Trapped water cause of regular tremors under Vancouver Island: UBC researchers

December 31, 2008

University of British Columbia researchers are offering the first compelling evidence to explain regular tremors under Vancouver Island.

The Cascadia megathrust fault, named for its massive but infrequent earthquakes, runs along the length of North America's western coast from northern Vancouver Island to northern California and is the boundary between two of the Earth's tectonic plates. An area on the fault line - approximately 35 kilometres under Vancouver Island - has also seen surprisingly regular "slips," accompanied by small tremors - roughly every 14 months. The last tremors recorded in this area were in May and lasted for about month, although none were strong enough to be felt by humans.

Megathrust fault lines in the region where episodic tremors occur are structurally weak and prone to slip and slide, but until now scientists have been unable to explain why. In a study published in today's edition of the journal Nature, UBC researchers Pascal Audet, Michael Bostock, Nicolas Christensen and Simon Peacock demonstrate how water trapped in a portion of the fault area escapes periodically after pressure build-up, which in turn lubricates the tectonic plates and causes them to slip and slide.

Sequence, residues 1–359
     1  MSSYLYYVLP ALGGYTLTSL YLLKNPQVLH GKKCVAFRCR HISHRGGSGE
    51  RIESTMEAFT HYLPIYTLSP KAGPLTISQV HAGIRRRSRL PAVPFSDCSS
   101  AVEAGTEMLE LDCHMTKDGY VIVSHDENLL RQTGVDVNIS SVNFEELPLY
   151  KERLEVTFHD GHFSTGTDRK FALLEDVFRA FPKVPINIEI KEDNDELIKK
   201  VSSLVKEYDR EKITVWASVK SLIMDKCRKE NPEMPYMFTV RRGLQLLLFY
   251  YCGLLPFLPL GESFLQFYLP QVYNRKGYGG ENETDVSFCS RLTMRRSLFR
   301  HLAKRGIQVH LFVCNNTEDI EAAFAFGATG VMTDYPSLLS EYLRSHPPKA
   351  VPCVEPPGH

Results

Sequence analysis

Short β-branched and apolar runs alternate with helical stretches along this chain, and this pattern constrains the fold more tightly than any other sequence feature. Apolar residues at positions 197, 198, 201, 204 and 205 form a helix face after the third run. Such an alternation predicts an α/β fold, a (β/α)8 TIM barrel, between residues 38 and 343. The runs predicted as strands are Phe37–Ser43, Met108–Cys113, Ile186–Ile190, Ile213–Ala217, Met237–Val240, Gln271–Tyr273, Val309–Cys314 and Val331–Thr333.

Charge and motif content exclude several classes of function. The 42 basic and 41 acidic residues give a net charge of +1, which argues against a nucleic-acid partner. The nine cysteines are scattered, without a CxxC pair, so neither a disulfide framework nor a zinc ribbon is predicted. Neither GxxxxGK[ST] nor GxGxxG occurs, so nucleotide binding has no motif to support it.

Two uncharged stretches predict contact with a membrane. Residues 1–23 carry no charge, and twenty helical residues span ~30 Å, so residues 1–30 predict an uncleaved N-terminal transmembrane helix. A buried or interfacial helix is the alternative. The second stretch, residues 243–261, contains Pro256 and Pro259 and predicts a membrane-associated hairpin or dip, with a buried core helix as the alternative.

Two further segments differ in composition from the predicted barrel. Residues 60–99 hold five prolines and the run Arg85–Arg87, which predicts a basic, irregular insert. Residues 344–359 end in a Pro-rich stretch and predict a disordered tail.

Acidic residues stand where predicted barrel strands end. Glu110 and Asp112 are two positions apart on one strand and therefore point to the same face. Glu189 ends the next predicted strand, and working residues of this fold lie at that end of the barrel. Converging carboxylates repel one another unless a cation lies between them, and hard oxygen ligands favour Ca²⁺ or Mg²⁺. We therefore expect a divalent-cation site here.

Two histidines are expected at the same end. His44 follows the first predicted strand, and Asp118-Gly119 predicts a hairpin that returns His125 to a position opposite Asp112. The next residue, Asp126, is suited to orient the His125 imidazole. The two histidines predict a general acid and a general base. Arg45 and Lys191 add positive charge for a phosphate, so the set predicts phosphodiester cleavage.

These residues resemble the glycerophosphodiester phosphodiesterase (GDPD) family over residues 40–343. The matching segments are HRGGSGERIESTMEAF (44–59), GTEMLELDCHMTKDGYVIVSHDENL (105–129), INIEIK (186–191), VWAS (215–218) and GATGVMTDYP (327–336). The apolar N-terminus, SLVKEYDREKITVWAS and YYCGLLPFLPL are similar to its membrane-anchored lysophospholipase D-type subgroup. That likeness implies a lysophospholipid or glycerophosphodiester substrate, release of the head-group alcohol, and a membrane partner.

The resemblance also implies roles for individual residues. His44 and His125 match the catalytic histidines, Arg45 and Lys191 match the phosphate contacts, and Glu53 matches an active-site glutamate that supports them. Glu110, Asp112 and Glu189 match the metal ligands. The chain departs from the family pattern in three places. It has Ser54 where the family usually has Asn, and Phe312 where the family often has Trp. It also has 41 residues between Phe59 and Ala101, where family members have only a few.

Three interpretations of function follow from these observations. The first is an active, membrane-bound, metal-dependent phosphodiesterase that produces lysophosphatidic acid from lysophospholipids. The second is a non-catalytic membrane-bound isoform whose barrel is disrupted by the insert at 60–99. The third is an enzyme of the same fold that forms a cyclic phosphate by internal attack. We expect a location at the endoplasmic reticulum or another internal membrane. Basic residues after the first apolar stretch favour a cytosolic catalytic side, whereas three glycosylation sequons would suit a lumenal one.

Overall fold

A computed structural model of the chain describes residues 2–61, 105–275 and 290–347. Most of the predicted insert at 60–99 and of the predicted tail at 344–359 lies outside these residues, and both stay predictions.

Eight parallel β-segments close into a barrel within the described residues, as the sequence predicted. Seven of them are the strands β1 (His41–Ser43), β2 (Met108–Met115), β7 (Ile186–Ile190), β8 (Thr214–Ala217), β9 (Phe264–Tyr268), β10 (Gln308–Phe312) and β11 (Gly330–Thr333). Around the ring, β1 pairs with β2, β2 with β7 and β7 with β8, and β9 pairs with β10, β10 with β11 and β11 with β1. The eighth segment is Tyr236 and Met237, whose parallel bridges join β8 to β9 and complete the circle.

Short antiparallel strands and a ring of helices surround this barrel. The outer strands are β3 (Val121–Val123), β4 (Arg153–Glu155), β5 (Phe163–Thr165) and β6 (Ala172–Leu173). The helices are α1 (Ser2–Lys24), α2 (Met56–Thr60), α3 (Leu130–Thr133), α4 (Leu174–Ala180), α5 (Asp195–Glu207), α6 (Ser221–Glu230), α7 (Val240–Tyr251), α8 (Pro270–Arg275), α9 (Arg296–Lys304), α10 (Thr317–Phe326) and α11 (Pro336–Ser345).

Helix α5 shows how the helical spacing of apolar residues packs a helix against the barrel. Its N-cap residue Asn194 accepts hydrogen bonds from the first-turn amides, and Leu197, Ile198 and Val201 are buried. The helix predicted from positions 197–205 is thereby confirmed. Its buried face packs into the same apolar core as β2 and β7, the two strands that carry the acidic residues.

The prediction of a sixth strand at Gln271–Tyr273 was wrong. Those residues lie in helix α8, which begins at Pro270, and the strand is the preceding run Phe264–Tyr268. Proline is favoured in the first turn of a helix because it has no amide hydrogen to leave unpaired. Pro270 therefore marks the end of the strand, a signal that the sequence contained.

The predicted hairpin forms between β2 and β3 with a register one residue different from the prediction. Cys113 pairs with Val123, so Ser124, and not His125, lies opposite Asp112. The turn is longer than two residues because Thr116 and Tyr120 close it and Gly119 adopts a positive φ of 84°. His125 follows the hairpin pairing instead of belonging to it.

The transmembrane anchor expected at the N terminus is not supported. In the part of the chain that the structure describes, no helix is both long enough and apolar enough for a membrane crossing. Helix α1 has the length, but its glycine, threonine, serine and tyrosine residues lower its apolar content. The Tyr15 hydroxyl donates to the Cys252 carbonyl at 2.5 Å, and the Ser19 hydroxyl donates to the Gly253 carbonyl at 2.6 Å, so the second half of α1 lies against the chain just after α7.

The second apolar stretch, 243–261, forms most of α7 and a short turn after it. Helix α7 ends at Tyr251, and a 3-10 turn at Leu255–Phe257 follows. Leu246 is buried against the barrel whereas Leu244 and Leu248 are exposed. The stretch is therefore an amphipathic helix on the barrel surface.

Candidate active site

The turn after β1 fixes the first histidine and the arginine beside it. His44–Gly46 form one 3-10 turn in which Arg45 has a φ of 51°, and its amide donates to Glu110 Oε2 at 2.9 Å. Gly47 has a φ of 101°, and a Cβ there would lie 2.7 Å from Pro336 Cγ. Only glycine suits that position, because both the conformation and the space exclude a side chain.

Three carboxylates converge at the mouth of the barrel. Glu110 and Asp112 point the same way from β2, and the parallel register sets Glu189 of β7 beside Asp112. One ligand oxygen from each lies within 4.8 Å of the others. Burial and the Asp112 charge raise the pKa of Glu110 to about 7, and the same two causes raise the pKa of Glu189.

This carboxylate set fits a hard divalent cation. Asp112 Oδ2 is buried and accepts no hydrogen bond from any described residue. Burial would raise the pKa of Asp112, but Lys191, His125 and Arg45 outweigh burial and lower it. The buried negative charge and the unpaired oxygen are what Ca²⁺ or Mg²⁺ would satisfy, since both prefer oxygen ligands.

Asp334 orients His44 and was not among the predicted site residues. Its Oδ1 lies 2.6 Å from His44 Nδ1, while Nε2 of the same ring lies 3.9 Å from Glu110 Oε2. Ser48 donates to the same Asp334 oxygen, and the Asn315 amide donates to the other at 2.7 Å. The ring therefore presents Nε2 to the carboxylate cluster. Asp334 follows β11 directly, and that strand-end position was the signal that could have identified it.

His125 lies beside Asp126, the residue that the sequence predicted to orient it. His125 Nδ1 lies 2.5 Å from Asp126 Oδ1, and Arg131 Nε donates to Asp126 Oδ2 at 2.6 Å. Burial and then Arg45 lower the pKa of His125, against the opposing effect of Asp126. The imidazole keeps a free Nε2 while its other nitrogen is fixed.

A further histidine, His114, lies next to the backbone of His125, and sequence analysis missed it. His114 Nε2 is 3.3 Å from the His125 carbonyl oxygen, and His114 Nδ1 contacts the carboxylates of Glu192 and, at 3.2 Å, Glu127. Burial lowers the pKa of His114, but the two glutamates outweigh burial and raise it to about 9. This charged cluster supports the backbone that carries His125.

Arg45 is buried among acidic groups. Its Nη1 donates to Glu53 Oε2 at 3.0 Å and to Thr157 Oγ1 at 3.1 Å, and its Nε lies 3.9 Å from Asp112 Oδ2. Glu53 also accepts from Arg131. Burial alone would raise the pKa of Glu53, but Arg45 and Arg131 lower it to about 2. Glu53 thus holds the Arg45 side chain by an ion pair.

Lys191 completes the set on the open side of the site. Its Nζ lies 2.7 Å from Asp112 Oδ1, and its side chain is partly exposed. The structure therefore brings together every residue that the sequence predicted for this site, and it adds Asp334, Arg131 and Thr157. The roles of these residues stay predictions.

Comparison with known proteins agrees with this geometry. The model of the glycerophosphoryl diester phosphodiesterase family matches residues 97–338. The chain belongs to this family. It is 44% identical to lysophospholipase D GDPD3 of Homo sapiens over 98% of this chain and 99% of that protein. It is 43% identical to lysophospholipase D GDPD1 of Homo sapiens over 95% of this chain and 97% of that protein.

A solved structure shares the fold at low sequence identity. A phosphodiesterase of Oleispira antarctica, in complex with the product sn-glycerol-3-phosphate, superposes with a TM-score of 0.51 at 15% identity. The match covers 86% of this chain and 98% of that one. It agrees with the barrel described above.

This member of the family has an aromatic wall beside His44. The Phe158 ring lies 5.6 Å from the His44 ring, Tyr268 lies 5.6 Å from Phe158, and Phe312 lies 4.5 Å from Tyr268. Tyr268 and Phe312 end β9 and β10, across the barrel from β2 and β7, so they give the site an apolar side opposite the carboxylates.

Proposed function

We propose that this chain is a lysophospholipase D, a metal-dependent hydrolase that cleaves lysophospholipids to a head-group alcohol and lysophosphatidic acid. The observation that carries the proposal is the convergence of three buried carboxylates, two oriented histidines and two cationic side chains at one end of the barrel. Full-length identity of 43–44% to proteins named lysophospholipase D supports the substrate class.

"Scientists have offered different theories but this is the first detailed glimpse at the geological mechanics beneath the island," says lead author Audet, who conducted the study as a PhD student at UBC's Dept. of Earth and Ocean Sciences.

"While scientists are still a long way away from being able to predict earthquakes, this study brings us one step closer towards understanding the physical state of the megathrust fault and the earthquake cycle as a whole," says Audet, now a Miller Research Fellow at the University of California at Berkeley.

"Additional sensors on the Island, or expanding the sensor array into the waters west of Vancouver Island, could help researchers determine whether fault properties change over time, and where changes are most significant along the fault line," says Peacock, UBC Dean of Science and an expert in subduction zone areas, where tectonic plates dive into the Earth's mantle triggering great earthquakes and explosive volcanism.
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University of British Columbia

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